CHAPTER LV. Of the Clothes and Shoes of the Brethren
8 Apr. 8 Aug. 8 Dec.
For their bedding let a straw mattress, blanket, coverlet and pillow suffice. These beds must be frequently inspected by the Abbot, to see if any private property be discovered therein. And if any one should be found to have anything which he hath not received from the Abbot, let him be subjected to the most severe discipline. In order that this vice of private ownership may be rooted out entirely, let the Abbot supply them with all necessaries: that is, a cowl, tunic, shoes, stockings, girdle, knife, pen, needle, handkerchief, and tablets; so that all plea of wanting anything may be taken away. Yet let the Abbot always be mindful of those words of the Acts of the Apostles: “Distribution was made to everyone, according as he had need.” Let him, therefore, consider the infirmities of such as are in want, and not the ill-will of the envious. Nevertheless, in all his judgments, let him think of the retribution of God.
Saint Benedict provides his monks with comfortable bedding: a straw mattress, blanket, coverlet and pillow. The holy patriarch understands that a well–rested monk will pray better, work better, and be more cheerful, prompt, and companionable than one who has slept poorly. Here we are far from the primitive arrangements of the Desert Fathers.
The modest bedding of Saint Benedict’s monks must not, all the same, become a pretext for hiding things, hoarding them, or isolating oneself in a little nest of creaturely comforts. The temptation to surround oneself with all sorts of things reveals a deeper struggle: the fear of solitude and the inability to quiet oneself in the presence of God. The brother who is suffering from interior restlessness does well to repeat over and over again the words of the psalmist:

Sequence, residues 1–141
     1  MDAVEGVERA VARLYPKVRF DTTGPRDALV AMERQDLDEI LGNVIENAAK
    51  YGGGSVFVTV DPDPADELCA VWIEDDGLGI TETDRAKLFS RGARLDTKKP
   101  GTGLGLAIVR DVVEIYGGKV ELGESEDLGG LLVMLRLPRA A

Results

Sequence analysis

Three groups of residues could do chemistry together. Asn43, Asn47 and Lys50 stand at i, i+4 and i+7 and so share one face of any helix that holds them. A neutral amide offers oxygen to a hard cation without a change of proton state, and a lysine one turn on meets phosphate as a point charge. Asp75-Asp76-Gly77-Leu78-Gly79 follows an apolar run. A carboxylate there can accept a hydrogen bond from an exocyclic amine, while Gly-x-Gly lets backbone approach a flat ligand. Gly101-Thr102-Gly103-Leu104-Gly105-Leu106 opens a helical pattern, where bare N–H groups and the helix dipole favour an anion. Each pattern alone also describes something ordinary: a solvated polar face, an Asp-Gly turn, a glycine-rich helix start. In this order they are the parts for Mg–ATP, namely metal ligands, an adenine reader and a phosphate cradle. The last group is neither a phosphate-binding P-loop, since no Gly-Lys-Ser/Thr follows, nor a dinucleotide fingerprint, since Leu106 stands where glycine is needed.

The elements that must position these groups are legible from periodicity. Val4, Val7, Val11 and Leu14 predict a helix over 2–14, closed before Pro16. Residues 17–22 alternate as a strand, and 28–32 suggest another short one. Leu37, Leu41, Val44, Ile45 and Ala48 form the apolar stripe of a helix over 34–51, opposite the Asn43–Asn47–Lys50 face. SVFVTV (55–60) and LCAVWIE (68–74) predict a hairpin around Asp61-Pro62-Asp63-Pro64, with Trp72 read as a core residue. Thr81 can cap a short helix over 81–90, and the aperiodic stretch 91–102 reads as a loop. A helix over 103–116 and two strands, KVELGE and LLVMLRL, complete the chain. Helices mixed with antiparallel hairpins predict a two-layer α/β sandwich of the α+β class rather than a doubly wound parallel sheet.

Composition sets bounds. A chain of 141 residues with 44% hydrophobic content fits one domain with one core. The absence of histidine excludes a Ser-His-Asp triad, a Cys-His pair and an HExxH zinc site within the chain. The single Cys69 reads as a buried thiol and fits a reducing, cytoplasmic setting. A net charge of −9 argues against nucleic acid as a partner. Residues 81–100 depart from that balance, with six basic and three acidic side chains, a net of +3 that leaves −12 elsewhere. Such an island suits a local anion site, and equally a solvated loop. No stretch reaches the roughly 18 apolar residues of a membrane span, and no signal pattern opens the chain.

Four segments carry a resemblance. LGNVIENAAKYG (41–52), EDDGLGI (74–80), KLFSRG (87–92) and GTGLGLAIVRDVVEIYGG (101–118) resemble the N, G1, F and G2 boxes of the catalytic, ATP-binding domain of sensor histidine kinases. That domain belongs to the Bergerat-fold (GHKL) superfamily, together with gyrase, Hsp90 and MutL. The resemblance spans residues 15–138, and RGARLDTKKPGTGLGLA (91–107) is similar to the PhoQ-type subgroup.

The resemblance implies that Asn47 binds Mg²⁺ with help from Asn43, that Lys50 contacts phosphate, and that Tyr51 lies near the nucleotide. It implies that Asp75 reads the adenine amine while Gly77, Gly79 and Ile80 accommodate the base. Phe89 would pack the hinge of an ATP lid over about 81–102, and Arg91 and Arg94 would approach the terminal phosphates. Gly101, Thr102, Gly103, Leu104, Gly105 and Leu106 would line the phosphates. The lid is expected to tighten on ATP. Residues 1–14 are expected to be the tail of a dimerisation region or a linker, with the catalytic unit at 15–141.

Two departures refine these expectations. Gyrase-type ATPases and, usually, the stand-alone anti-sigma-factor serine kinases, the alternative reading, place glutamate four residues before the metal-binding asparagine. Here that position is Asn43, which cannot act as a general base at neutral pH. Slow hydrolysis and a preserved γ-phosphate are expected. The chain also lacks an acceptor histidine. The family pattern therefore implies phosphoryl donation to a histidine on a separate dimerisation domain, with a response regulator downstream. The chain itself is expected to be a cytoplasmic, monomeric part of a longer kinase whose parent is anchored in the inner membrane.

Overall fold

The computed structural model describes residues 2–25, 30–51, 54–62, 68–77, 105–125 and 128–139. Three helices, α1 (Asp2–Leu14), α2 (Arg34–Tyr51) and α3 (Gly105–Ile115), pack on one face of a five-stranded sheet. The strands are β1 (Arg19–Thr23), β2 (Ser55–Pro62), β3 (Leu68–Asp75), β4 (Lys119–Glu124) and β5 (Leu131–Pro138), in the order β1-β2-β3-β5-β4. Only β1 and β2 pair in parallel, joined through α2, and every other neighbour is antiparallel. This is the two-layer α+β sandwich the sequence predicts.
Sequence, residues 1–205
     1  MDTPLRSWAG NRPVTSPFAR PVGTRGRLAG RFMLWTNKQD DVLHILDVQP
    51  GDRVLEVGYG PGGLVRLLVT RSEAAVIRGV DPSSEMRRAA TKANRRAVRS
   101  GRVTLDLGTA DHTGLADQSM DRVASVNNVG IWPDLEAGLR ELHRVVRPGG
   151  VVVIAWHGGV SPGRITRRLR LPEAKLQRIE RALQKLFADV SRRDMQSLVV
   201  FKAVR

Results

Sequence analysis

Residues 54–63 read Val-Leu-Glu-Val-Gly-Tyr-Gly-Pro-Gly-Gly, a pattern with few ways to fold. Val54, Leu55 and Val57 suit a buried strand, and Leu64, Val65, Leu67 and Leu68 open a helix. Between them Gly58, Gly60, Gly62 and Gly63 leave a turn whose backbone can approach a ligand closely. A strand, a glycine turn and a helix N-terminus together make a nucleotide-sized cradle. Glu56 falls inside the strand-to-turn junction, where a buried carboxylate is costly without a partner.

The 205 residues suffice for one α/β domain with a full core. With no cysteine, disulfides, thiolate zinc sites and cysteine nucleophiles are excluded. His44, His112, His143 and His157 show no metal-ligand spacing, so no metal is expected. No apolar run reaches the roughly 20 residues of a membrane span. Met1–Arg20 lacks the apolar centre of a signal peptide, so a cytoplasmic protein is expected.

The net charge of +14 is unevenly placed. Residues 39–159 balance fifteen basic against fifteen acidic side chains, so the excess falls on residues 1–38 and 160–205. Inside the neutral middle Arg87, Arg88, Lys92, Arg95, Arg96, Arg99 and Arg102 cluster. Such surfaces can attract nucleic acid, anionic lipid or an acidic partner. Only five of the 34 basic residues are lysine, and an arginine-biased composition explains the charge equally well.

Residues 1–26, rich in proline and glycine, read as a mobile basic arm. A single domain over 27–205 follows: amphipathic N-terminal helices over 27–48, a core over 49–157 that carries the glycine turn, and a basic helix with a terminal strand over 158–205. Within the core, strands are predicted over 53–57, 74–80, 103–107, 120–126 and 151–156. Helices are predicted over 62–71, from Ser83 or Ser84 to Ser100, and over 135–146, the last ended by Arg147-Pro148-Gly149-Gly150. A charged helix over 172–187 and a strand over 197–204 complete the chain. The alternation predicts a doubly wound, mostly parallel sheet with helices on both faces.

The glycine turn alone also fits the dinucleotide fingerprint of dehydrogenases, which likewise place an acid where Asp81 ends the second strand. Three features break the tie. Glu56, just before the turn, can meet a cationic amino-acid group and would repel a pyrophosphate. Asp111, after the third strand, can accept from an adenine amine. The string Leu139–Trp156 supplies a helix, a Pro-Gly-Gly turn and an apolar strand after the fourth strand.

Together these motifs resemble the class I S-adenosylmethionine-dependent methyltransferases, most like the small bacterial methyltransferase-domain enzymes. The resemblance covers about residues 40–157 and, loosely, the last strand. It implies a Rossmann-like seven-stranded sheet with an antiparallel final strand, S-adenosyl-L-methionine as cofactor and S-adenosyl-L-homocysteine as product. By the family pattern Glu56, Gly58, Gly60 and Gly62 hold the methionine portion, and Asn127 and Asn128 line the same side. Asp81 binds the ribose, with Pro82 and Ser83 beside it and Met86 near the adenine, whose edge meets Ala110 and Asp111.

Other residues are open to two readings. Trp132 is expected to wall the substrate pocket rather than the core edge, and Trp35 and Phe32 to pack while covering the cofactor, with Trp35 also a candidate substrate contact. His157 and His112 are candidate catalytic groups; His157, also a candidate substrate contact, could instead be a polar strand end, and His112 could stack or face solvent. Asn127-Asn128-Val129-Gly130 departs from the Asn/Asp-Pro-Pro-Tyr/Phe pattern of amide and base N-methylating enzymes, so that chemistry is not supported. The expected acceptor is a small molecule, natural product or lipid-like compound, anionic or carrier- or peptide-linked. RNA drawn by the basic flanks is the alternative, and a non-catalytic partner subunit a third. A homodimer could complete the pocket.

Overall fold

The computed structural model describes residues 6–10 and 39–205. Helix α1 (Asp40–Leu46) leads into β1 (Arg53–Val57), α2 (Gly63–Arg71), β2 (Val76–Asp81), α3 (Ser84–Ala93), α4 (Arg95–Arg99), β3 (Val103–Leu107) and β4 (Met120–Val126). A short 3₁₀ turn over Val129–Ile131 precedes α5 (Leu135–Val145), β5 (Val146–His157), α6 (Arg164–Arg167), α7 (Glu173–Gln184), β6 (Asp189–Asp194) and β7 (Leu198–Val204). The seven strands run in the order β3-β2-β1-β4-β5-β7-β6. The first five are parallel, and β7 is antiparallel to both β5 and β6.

No rest has my soul but in God’s hands; to him I look for deliverance. I have no other stronghold, no other deliverer but him; safe in his protection, I fear no deadly fall. . . . Yet even now, my soul, leave thyself in God’s hands; all my trust is in him. He is my stronghold and my deliverer, my protector, that makes me stand unmoved. God is all my defence and all my boast; my rock-fastness, my refuge is in God. (Psalm 61:2–3, 6–8)
A monk’s peace in his cell is—I have always believed—proportionate to his openness to the sanctifying presence of the Immaculate Virgin Mary. Deinde dicit discipulo: Ecce mater tua. Et ex illa hora accepit eam discipulus in sua. “After that, he saith to the disciple: Behold thy mother. And from that hour, the disciple took her to his own” (John 19:27). It is our custom to provide each cell with a worthy image of the Blessed Virgin Mary. The monk who dwells with Mary and who turns to her frequently in the solitude of his cell will experience the truth of her promises:
I am the mother of fair love, and of fear, and of knowledge, and of holy hope. In me is all grace of the way and of the truth, in me is all hope of life and of virtue. Come over to me, all ye that desire me, and be filled with my fruits. For my spirit is sweet above honey, and my inheritance above honey and the honeycomb. My memory is unto everlasting generations. They that eat me, shall yet hunger: and they that drink me, shall yet thirst. (Ecclesiasticus 24:24-29)
Saint Benedict instructs the abbot to provide his monks with all that is necessary. The inventory is remarkably complete: a cowl, tunic, shoes, stockings, girdle, knife, pen, needle, handkerchief, and tablets. With profound psychological and spiritual insight, Saint Benedict adds: “so that all plea of wanting anything may be taken away”. A monastic cell is to contain what is necessary but must have nothing superfluous, lest the monk himself begin to feel that material things are crowding his space, inhibiting his interior freedom, and creating an impression of disorder.
The abbot is to recognise that not all his monks will have the same needs. He must know his sons well, and provide wisely for each one, giving more to one, less to another. The abbot may even, at times, be obliged to take away things once given if he perceives that the balance or good order of a brother’s life is threatened. He is, therefore, to “consider the infirmities of such as are in want, and not the ill-will of the envious”.
The abbot’s care must be to foster a context of life in which charity reigns over all else. Where there is charity, there will be unity, and where there is unity, the monastic family will rejoice in spiritual fruitfulness. Where charity is lacking, the monastic family will fall into murmuring, impatience, harsh words, coldness, criticism, resentments, grudges, and unspeakable vices of all sorts. Such a situation can only cause the monastic family to become sterile. We know the words of Lord concerning the fruitless branch: “He shall be cast forth as a branch, and shall wither, and they shall gather him up, and cast him into the fire, and he burneth” (John 15:6).